Last Friday in my blog “Kahre’s Prosecutors Are Going Nutso,” I blogged about the abusive subpoena that federal prosecutors had served on the Las Vegas Review-Journal.
The newspaper had published a news story about the trial of Robert Kahre, a Las Vegas businessman who is on trial in federal district court for paying his workers in gold and silver coins at their face value. The feds are prosecuting him for tax evasion notwithstanding the fact that federal law stipulates that the coins are legal tender.
After the article appeared on the newspaper’s website, dozens of people began posting critical comments about the prosecution, the Federal Reserve, inflation, and debasement of the currency.
Those comments obviously upset the prosecutors, who served the newspaper with a grand-jury subpoena demanding that the paper produce the “name, date of birth, physical address, gender, ZIP code, password prompts, security questions, telephone numbers and other identifiers … the IP address” of the people who posted the comments. (It’s not clear whether the prosecutors secured the permission of the grand jury before issuing the subpoena or whether they simply filled out and issued the subpoena without approval from the grand jury.)
As I suggested in my blog post, somebody needed to get word to these prosecutors that they’re operating here in the United States, not in the Soviet Union or Burma. Here, the fundamental rights of freedom of speech are still recognized, as reflected by the First Amendment to the U.S. Constitution.
Well, somebody might have done that because the prosecutors buckled and issued a revised, much narrower subpoena.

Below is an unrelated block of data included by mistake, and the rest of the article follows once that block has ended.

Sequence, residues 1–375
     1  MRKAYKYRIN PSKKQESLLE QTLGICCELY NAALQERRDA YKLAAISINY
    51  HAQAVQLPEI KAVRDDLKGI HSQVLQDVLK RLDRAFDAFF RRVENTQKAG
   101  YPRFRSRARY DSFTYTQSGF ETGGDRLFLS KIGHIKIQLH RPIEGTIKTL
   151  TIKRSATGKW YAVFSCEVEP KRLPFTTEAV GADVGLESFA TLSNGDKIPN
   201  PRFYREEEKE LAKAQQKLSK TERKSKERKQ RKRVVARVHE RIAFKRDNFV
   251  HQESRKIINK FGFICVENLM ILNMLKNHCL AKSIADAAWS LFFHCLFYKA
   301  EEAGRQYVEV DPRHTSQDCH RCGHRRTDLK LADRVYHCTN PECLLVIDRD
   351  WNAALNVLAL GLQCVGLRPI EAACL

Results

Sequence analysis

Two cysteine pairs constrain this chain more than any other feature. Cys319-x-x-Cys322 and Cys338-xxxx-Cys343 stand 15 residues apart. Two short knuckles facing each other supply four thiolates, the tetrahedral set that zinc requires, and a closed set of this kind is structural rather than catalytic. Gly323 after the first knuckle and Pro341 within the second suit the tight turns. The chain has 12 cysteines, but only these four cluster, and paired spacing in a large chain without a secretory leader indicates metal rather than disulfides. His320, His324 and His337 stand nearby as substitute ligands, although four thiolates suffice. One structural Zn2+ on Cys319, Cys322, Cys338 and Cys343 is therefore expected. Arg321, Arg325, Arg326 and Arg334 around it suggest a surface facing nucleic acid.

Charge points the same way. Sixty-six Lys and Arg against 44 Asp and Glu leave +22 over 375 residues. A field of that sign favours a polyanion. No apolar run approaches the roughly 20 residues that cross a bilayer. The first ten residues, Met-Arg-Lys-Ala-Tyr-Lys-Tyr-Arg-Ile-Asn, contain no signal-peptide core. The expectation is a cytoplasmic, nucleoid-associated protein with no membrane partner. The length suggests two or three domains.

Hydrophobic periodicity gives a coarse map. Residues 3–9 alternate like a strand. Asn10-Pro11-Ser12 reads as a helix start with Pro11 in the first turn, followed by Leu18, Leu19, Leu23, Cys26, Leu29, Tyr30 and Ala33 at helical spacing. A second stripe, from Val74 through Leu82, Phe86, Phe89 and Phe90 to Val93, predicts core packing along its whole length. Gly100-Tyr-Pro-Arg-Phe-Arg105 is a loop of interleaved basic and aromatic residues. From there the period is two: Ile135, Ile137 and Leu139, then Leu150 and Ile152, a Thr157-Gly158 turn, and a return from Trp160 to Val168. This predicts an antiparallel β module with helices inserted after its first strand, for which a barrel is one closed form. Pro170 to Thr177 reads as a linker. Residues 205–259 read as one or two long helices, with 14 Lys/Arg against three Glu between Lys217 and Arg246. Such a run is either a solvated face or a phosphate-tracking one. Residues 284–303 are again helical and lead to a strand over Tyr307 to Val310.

What happened first is that the newspaper announced that it intended to fight the subpoena. Then the ACLU jumped into the fray by announcing that it would be willing to represent for free any of the people who posted the comments in an action to quash the subpoena.
According to a news article in today’s Review-Journal, the prosecutors then reduced the scope of their subpoena to encompass only two people who posted comments. According to the Associated Press, one commentator stated, “The sad thing is there are 12 dummies on the jury who will convict him. They should be hung along with the feds.” The other commentator wagered a bet that one of the federal prosecutors would not reach his next birthday.
Obviously, the prosecutors are feeling that such speech is subject to federal criminal prosecution.
The newspaper has agreed to comply with the revised subpoena.
Not so the ACLU though. Representing three anonymous posters, it intends to proceed forward with its action to quash the subpoena. According to the newspaper, “The organization does not view any of the remaining comments as posing a ‘true threat,’ which [it] defined as showing ‘a clear danger of imminent action.’
My hunch is that the ACLU is going to prevail with its motion to quash the subpoena. In my opinion, the comments about the jury and the prosecutor do not rise to the level of a credible threat of imminent action.
It’s clear to me that the prosecutor’s actions are nothing more than an attempt to intimidate people into silence, especially with respect to criticism of a prosecution of a man who has committed the cardinal sin of bringing much-needed light to the economic and monetary damage that the Federal Reserve and the IRS have done to the American people.
No doubt one of the prosecutors, J. Gregory Damm, a Justice Department lawyer from Washington who has traveled all the way to Las Vegas to participate in Kahre’s prosecution rather than simply leave the prosecution to the U.S. Attorney’s office in Las Vegas, is upset over comments that described him as a “socialist, fascist moron” and a “Nazi moron.” In my opinion, Damm would have been better off simply singing to himself, “Sticks and stones will break my bones but words will never hurt me” than issuing an abusive grand-jury subpoena to the newspaper.
No wonder our American ancestors rejected a central bank and an income tax for more than 100 years of our nation’s history. Since their monetary system was based on gold coins and silver coins, they didn’t need to worry about being prosecuted for using such coins in their everyday transactions. And since their tax system was devoid of an income tax and an IRS, they didn’t need to worry about having their lives destroyed in a federal prosecution for income-tax evasion. Our American ancestors knew what a free society was all about.